Greene Naftali is pleased to announce WiP, an exhibition of work by New York-based artist Tony Conrad. This will be the artist’s second solo show at the gallery.
Tony Conrad is a pioneering avant-garde filmmaker, musician/composer and artist. Conrad has long been employing a range of methods to investigate authoritarian boundaries in art – from his early 60’s anti-art demonstrations with Jack Smith and Henry Flynt, to his Yellow Movies series of paintings and works on paper with central squares of white paint yellowing over decades, thus creating a film whose plot outlasts a lifetime.
In this exhibition, Conrad calls attention to power structures embedded in film by foregrounding an underground genre – Women in Prison, or WiP. “WiP,” starring artists such as Tony Oursler and the late Mike Kelley, explores the peripheral possibilities of film not just as a medium but as an industry, highlighting a second tier of actors, a low budget aspect, and subversive subject matter. Moreover, the relationship of jailor to prisoner takes a central role, broadening Conrad’s study of authority. Shot in 1982 and 1983, the video work on view is converted from 16mm film. Six hours of footage is condensed into a raw, unedited, hour-long selection.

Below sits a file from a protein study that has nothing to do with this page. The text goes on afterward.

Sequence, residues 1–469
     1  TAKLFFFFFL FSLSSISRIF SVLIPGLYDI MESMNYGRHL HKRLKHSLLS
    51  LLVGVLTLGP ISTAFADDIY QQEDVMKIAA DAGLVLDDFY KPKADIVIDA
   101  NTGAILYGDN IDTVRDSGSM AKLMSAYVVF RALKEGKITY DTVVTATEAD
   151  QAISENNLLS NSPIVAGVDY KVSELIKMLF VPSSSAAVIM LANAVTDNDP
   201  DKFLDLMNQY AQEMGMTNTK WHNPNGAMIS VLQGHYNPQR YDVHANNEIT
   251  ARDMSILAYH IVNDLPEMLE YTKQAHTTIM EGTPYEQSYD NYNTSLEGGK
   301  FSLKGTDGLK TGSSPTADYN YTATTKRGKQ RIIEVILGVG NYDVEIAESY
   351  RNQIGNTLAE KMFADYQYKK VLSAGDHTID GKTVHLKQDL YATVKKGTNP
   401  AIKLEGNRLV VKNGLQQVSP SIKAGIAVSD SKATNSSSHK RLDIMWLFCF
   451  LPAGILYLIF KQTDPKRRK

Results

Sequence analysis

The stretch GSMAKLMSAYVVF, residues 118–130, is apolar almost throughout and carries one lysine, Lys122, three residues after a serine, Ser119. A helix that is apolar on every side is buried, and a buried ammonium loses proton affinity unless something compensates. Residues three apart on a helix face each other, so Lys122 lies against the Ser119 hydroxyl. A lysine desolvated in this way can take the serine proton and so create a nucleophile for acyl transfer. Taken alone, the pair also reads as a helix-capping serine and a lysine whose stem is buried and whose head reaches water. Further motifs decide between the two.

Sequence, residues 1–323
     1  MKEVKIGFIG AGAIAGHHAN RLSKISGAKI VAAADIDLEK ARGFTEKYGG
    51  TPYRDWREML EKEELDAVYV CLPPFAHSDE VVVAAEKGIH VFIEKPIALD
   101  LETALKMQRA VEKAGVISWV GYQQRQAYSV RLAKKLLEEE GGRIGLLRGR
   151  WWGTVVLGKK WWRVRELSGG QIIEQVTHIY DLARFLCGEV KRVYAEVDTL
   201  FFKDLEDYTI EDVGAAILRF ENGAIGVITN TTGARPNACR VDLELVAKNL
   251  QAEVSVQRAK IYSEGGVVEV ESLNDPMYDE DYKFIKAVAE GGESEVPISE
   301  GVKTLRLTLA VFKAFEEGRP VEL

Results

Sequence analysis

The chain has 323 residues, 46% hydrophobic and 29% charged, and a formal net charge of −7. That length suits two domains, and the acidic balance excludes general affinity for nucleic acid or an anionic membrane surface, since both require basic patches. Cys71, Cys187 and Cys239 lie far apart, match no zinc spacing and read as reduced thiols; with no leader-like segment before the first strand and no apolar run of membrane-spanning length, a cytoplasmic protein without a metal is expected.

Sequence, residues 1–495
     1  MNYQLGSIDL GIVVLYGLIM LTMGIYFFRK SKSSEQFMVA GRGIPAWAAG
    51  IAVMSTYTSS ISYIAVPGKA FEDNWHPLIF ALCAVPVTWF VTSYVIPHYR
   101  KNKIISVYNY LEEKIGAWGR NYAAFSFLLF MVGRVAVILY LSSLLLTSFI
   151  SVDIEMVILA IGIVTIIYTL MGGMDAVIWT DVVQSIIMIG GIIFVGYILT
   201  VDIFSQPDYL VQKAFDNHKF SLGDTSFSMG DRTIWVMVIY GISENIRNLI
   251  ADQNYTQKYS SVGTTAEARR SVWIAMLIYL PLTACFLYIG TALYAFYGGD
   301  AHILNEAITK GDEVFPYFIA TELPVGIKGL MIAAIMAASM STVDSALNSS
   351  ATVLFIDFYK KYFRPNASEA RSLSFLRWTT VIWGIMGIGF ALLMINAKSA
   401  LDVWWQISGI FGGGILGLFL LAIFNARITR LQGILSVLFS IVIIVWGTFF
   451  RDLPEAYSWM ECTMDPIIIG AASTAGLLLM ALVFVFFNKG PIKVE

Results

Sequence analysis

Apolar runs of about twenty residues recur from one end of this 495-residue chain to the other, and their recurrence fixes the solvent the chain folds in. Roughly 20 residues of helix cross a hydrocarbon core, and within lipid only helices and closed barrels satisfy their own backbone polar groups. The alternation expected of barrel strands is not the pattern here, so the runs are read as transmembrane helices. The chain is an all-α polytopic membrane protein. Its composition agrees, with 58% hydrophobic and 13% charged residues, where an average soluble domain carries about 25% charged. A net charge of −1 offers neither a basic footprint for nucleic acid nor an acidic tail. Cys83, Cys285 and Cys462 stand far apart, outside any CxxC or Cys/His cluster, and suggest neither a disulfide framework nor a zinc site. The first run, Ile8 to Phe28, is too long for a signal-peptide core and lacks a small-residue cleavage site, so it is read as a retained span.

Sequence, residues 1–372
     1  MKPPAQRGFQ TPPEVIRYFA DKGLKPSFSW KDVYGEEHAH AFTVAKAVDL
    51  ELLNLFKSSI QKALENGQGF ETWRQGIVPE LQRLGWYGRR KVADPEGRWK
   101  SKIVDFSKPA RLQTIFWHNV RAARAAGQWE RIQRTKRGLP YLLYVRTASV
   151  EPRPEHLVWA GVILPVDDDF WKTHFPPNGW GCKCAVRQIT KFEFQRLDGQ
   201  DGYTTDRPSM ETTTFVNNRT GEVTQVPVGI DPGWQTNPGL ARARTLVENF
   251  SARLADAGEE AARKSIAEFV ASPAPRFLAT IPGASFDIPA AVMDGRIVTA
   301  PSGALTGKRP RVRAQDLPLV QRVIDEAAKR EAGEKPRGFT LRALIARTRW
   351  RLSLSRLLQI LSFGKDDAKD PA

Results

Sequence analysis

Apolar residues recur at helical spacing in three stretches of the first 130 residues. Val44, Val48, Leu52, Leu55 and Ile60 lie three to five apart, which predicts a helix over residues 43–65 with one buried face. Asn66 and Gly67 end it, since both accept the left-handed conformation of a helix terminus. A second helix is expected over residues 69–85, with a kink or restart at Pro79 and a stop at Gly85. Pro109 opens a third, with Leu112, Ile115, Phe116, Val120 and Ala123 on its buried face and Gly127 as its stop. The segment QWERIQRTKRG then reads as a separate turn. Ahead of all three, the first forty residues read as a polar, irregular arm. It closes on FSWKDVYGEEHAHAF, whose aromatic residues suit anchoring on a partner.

The first ever screening of these excerpts is accompanied by Conrad’s installation of jail cells, a set within the gallery, creating an immersive experience of a seedy genre, and further upending traditions of film through a transparency of process. Tucked away from natural light, the set that Conrad has created for the gallery is at once campy and sinister, much like the exploitation genre itself. The pastel shades of pink and yellow painted on the jail’s walls and bars provide a cynical nod to the gender of the prisoners, while the trappings of the cells are otherwise scant and dismal – narrow bunk beds, bedpans and sinks. Overhead are relentlessly blinking LED lights, further adding to the menacing component of the installation.
Tony Conrad’s recent solo exhibition at 80WSE, his first institutional survey in over twenty years, featured his media-based social critiques. Holland Cotter, in a New York Times review of the show, noted that the multi-faceted practice of Conrad “still looks radical and prescient a half-century after it began.” His work has also been shown at the Museum of Modern Art, Documenta, Venice Biennale, Tate Modern, LA Museum of Contemporary Art, and The Whitney Museum of American Art.